PS or PDF.

Concert 19, Australian and American music for strings, July 2007. The original chamber version, serene and transparent, of Aaron Copland's Appalachian Spring, and a selection of shorter American works. Peter Sculthorpe's string sonata has American ties in its derivation from a string quartet commissioned by the Kronos Quartet of San Francisco. The concert also features the world premiere of a new work by Sydney composer Phillip Wilcher, written especially for our guest soloist Rachel Tolmie.

See a photo of the Bourbaki Panorama Lucerne!
PS or PDF.

Concert 20, requiems for strings, October 2007. Pieces by Shostakovich and Howells provide vastly different conceptions of a "requiem" for strings. The Shostakovich is a reflection of the composer's life under the oppressive Soviet regime, while the Howells adopts in its slow movement a more elegiac and consolatory idiom, having been written in part as a memorial to the composer's son. The circumstances underlying Christine McCombe's Of Distant Sadness are not particularised, but it is impossible to miss the depth of feeling expressed in its dark textures.

Programme notes, details of performers and so on: in PS or PDF.

Concert 21, the great romantics: music for strings, April 2008. Musical and poetic romanticism from Tchaikovsky and Byron, the latter in three poems set to music by Australian composer Graeme Koehne. Also exquisite short pieces by Finzi and Tavener, and Warlock's birthday tribute to his friend and mentor Delius.

The concert programme is available in
PS or PDF.

Concert 22, echoes of the past: music for strings, August 2008. Strauss's great lament for the destruction of Germany under the Nazis draws on the funeral march from Beethoven's Eroica symphony, while Britten's Lachrymae is a set of rather free variations on the Elizabethan lutenist–composer John Dowland's "If my complaints could passions move". The pieces by Finzi and Cotis have covert, perhaps accidental, references to the music of Elgar and of Mahler.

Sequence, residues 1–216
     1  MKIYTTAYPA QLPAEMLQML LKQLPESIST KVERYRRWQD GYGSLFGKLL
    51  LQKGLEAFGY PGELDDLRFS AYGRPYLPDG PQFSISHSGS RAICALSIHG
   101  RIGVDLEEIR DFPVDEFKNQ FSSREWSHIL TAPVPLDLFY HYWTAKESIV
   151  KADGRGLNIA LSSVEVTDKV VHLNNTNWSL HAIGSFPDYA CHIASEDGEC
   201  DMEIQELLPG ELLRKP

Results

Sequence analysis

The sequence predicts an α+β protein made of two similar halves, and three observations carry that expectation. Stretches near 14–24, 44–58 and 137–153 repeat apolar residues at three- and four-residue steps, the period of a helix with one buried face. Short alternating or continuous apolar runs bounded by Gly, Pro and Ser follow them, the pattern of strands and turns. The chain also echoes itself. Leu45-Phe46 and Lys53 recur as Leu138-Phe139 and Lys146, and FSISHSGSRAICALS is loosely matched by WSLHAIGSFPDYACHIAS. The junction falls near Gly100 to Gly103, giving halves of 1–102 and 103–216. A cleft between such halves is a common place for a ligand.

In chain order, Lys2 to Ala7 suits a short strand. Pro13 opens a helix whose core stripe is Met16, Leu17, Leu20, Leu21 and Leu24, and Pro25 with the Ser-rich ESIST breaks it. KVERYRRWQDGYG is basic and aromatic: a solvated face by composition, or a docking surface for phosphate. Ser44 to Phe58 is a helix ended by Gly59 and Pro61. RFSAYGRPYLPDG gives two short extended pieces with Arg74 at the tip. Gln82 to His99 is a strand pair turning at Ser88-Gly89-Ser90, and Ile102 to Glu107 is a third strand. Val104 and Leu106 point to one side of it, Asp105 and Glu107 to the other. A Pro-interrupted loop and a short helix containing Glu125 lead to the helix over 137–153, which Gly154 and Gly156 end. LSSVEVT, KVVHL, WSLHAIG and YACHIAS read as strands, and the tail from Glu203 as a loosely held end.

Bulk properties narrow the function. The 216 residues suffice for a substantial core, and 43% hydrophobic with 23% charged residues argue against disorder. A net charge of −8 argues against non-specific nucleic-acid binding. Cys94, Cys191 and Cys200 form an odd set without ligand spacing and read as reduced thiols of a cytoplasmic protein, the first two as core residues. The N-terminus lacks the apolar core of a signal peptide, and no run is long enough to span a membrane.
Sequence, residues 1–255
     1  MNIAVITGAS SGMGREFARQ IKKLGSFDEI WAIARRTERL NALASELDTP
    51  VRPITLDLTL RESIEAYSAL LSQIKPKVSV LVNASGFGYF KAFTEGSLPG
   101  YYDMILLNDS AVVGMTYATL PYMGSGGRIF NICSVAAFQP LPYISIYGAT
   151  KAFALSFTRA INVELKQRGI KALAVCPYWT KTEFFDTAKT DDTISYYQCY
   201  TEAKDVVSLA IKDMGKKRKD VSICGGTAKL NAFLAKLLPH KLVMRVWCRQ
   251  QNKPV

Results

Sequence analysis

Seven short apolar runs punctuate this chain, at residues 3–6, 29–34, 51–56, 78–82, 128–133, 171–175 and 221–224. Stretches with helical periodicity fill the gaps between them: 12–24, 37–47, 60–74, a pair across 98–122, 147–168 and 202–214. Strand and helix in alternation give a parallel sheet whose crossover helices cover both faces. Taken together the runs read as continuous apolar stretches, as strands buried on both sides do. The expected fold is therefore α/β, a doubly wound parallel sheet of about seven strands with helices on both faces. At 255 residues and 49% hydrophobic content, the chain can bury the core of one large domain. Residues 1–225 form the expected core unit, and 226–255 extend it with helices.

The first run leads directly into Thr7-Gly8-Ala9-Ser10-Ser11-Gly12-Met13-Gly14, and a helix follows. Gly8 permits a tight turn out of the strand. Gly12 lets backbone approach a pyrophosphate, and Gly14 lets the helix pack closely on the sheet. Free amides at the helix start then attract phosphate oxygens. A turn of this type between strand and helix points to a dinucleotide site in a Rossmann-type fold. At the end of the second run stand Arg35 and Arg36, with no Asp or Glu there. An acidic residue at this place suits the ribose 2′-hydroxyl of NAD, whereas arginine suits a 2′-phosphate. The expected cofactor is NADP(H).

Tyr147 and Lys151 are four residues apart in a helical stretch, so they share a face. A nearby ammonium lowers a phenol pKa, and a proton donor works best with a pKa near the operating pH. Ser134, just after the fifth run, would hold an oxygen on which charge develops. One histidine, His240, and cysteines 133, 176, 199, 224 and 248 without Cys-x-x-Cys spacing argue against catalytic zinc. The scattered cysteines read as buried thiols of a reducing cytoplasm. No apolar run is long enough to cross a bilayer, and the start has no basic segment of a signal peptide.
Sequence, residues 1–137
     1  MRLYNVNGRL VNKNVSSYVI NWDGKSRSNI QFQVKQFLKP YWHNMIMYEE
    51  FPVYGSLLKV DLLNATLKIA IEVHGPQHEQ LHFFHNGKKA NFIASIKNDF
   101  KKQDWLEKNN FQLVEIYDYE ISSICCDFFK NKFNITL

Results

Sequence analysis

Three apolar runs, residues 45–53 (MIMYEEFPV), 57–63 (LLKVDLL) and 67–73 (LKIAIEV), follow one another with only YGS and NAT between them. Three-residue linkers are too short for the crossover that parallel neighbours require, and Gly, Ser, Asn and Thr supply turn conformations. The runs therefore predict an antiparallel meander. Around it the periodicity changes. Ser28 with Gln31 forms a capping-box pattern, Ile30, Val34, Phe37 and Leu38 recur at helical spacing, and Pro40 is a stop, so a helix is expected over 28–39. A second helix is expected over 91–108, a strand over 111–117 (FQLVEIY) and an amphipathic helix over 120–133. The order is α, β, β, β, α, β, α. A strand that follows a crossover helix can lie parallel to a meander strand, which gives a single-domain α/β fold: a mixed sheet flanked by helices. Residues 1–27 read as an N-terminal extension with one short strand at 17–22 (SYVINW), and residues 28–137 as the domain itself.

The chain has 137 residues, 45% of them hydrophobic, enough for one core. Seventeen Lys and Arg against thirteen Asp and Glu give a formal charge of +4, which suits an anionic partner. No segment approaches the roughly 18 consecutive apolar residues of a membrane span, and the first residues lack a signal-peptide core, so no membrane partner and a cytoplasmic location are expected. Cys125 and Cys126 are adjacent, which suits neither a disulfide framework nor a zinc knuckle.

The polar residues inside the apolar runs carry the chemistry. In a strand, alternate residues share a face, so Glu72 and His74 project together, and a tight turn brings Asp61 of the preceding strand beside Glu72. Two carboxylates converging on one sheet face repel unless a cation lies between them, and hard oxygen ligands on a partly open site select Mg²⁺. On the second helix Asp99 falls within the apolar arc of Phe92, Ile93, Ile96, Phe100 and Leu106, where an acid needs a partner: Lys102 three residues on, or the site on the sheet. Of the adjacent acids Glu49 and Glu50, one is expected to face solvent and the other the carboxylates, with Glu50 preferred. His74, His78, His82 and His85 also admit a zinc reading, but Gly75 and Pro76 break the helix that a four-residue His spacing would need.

Read about the early history of the Olympic Games: PS versionPDF version.

Concert 23, music for chamber orchestra, October 2008. The strings of the Bourbaki Ensemble are augmented by a small group of woodwind and brass players to perform Wagner's birthday gift to his wife Cosima and a pair of British musical landscapes. Anne Boyd's flute concerto is inspired by the music of Indonesia and Japan. In a world premiere performance, the concert also featues the syncopated Latin rhythms of Chilean–born Australian composer Daniel Rojas' Little Serenade.

Programme notes are available in PS or PDF.

Concert 24, mountains, forest, sea: music for strings, March 2009. The world premiere performance of Mark Oliveiro's cello concerto Cyan Echo II, which depicts the landscape of the Blue Mountains. Schoenberg's Transfigured Night moves from a dark, claustrophobic forest setting to a radiant moonlit conclusion. Altogether gentler and more comforting, Australian composer Andrew Schultz's Willow Bend was inspired by a quiet corner of the Wollongong Botanic Gardens. In Das Meer… British composer Diana Burrell describes the turbulent and serene moods of the sea.

Read more in PS or PDF.

Concert 25, serenades and elegies: music for strings, July/August 2009. Dvořák's Serenade, arguably the best loved string work of the nineteenth century, and the seventh of Mendelssohn's astonishing youthful string symphonies. A brief but profound and sombre Elegy by Elgar, and the concert premieres of not one but two pieces for flute and strings by Sydney composer Phillip Wilcher.

Read all about General Bourbaki's hypothetical 1846 travels: PS or PDF.

Concert 26, shores of the Baltic: music for strings, November 2009. Music from nations bordering the Baltic Sea includes Tüür's magical Insula Deserta and Rautavaara's satirical suite Fiddlers. We enjoy a brief detour to the Ukraine for Silvestrov's responses to fragments of music by Schubert and Wagner; and (of course) to Australia, with leading Sydney trombonist Greg van der Struik performing his own composition Piangi, inspired by a visit to the battlefields of northern France around Anzac Day 2005.

Programme notes, artist biographies and more: PS or PDF.

Concert 27, music for flutes and strings, February 2010. Guest soloists the Tucana Flute Quartet (Diane Berger, Lisa Breckenridge, Christine Draeger, Rosamund Plummer) perform a concerto for four flutes by Irish composer James Wilson, and an arrangement of a short piece by Hamilton Harty, as well as joining the orchestra in Ives' Unanswered Question. Other pieces of Irish origin are by Rachel Holstead and Percy Grainger. Christopher Willcock's Divertimento was inspired by paintings of Sidney Nolan.

Programme notes are available in PS or PDF.

Concert 28, reflections for strings, July/August 2010. Vaughan Williams' sublime Fantasia is one of the unquestionable masterpieces of Western music, paying homage to the great English church music of the Elizabethan age. Holst's St. Paul's Suite, very different but in its own way no less great, is founded upon the rhythms and intonations of English folk song. This programme also continues our "composer of the year" focus on Charles Ives and includes no fewer than four Australian works, all composed within the last couple of years.

Read programme notes in PS or PDF, and listen to our performance of the Vaughan Williams Fantasia (mp3, 33.5MB).